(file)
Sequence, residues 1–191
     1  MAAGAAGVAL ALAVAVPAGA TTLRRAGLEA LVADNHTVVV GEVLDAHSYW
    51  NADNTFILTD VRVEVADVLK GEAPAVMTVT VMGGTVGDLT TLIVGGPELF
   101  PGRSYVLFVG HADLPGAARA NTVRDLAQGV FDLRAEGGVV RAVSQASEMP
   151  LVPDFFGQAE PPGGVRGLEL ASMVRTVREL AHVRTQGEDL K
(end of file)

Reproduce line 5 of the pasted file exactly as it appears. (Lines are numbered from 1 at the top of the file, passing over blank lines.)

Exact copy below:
   151  LVPDFFGQAE PPGGVRGLEL ASMVRTVREL AHVRTQGEDL K